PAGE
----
Images from the Rose Garden at Highline SeaTac Botanical Gardens

Highline SeaTac Botanical Gardens, with Canon PowerShot images from the rose garden specifically, was the first scheduled stop on my vacation.

“Vacation” defined: As of Sunday, the Post Office had my mail on hold for a week. That’s it. I’m on vacation! Whee! It’s amazing how much weight is lifted from one’s shoulders by simply cutting off the flow of incoming mail. By 11:30 p.m. on Sunday, Rowdy and I were bombing down the highway, hammer down, westbound. Rowdy is a paint-faded 1996 GMC half ton pickup with a quarter million miles on the odometer, featuring a transmission that’s been rebuilt twice, an engine that’s still going strong without any rebuilding at all, and the most comfortable ride anyone could ask.

We (Rowdy and I) drove through the night, crossing the entire state of Washington under a pall of wildfire smoke, and stopped to fill the tank at a Shell station in Issaquah on Monday morning before plunging into the congested SeaTac metro area. While fuel was flowing merrily through the nozzle, I relaxed, studying the sign. Jackson’s Shell. I finally realized the name of the business was Jackson’s Shell. But that had not been clear at first. After topping off the tank and parking Rowdy out of the way, I went back into the convenience store for the pure fun of it. Two men were on duty behind the counter, congenial types I’d already met when obtaining the key to the men’s room. “I finally realized, this is Jackson’s Shell, right?”

They both nodded, so I went for it. “I figured that out, but it wasn’t clear at first. The esses are really stylized, just kind of wavy things. For the longest time, I honestly believed this place was named “Jack On” Shell.”

The guys absolutely lost it. I headed back to the truck, delighted at having made their day.

By 10:30 a.m., I was at SeaTac Botanical Gardens, where I remained for four solid hours, taking photos, wandering the trails, sitting on benches, contemplating, coming away in the end with more than 150 images preserved in the camera and a sense of well being throughout my being.

Originally, I had planned to include many different images in this post, but that proved to be impossible. Besides the rose garden, there are so many other features to the Botanical Gardens that attempting to load pictures from all of them would have absolutely bogged this page down. Few computers would have been able to view the page at all. There is a Japanese garden. There are countless trails through massive trees, some covered in ivy from ground to crown, some wearing braided, woody vines five inches thick that make the Tarzan stories ever so believable. Blackberries abound. An iron bench sits near a small stream complete with a miniature waterfall, a pool covered with lily pads and inhabited with large goldfish. The rose garden is the crown jewel, but there is so much, much more. Another post later, perhaps, featuring other images.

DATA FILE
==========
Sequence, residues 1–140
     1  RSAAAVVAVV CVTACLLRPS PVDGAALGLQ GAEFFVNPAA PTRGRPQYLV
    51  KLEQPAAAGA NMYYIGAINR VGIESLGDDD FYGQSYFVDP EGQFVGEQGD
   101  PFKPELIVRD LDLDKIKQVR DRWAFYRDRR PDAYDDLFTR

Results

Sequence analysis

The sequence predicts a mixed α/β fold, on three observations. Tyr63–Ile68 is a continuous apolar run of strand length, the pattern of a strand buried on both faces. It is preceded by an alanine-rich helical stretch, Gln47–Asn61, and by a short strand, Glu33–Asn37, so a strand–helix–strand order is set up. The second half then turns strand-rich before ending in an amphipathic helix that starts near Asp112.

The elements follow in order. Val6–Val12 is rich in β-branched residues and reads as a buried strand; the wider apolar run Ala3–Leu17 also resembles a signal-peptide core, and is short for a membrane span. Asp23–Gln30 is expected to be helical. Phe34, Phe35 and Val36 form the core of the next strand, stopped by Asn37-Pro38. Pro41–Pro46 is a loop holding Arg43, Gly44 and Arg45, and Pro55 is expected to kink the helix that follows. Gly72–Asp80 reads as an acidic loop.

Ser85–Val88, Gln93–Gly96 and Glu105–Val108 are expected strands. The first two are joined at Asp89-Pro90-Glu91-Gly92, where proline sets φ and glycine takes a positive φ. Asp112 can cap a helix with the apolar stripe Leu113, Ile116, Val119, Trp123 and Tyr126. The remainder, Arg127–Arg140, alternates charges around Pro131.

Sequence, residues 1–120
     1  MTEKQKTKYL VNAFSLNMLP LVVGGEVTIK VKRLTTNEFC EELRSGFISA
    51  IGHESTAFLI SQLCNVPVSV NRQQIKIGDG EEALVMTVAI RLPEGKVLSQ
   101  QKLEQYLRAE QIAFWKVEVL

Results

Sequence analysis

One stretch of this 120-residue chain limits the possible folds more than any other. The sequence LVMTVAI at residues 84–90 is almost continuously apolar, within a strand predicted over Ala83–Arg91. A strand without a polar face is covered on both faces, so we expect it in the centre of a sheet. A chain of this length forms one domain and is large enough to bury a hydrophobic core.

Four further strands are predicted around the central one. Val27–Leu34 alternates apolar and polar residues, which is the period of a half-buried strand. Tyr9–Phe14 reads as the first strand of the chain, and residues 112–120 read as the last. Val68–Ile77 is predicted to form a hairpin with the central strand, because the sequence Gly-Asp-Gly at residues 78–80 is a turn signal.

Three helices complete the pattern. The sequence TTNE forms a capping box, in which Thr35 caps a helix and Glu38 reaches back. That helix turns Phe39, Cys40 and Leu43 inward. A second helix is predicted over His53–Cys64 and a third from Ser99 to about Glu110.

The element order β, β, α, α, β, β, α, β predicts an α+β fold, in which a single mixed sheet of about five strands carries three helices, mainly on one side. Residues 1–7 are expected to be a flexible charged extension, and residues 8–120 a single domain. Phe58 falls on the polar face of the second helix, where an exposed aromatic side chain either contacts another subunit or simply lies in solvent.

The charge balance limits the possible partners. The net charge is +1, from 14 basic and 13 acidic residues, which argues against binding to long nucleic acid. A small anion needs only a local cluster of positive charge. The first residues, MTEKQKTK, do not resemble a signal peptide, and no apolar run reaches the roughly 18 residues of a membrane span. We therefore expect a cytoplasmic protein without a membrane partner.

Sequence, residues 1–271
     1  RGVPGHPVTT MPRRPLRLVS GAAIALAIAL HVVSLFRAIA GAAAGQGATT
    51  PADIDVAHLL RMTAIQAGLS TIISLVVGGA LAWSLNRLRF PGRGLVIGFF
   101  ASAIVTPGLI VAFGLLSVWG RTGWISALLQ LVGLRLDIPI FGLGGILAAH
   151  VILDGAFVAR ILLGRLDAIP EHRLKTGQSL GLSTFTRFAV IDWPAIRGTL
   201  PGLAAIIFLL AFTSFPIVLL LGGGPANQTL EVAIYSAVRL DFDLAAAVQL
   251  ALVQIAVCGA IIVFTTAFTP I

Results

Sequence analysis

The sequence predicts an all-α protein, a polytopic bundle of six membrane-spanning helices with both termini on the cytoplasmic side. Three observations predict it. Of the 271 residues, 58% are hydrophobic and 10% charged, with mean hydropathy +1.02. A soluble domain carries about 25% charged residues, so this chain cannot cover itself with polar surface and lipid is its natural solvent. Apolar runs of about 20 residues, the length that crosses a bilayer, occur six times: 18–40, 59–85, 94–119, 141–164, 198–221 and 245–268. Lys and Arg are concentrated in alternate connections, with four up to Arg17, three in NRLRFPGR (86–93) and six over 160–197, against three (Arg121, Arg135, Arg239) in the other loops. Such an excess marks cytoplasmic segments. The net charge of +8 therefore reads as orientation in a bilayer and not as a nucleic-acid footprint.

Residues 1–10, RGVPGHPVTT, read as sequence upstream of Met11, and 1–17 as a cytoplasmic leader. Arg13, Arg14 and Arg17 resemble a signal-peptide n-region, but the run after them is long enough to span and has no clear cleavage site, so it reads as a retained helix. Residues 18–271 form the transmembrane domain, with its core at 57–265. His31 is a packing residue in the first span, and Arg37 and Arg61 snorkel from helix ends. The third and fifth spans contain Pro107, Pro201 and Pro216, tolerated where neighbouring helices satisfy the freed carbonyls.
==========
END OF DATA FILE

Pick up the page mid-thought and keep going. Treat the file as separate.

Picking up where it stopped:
But this one is all about roses.

Fair Warnings:

1. If you don’t use GPS (which I don’t), it’s a good idea to plot your route to the Gardens on a map before making the drive. It’s an up and down and all around sort of journey to get there. Nearby streets are hilly and curvy in the extreme.

2. Bring a spare grocery bag. All too many inconsiderate people have discarded trash in this sacred place. I found a discarded bag and used it to hold several items but will do more next time. Aluminum cans, paper products, and more can be found within arm’s reach of the trails. One can was even stuck in the fork of a tree.

3. Location, location, location? The Highline SeaTac Botanical Gardens sits directly beneath a major departure path from the airport. During the entire time I was there, jets rumbled overhead, outbound, every couple of minutes.

4. A sign in the parking lot states,


Rose garden at Highline SeaTac Botanical Gardens.

Rose garden at Highline SeaTac Botanical Gardens.

Rose garden at Highline SeaTac Botanical Gardens. This bloom appears to be emitting light from within itself.

The LED screen on my camera seldom…okay, never does justice to pictures after they’ve been taken. It was a joy to see what these images really looked like after being uploaded to the computer. That didn’t happen for a while, though. A couple of weeks back, the computer quit recognizing the camera when it was connected via USB cable. Or so I thought. Anyway, the camera icon would no longer show up on the taskbar and it took a while to figure out what to do about that.

But the wait was worth it.

Rose garden at Highline SeaTac Botanical Gardens.

Rose garden at Highline SeaTac Botanical Gardens.

Rose garden at Highline SeaTac Botanical Gardens.

For visitors who need a break every now and then, there’s a senior center with available restrooms right across the parking lot. Very convenient. On the day I was there, the heavy smoke haze overhead was also helpful. It allowed me to avoid a nasty sunburn.

Rose garden at Highline SeaTac Botanical Gardens.

Rose garden at Highline SeaTac Botanical Gardens.

Rose garden at Highline SeaTac Botanical Gardens.

Do I intend to visit again someday? Yes. Yes, I do. For one thing, there are trails I’ve not yet explored. Would I recommend the Highline SeaTac Botanical Gardens to others? Yes, absolutely. If you’re a guy who finds his dates online, what better place to meet face to face for the first time? Totally romantic, dude. If it works out, love at first sight, you might even want to get married there.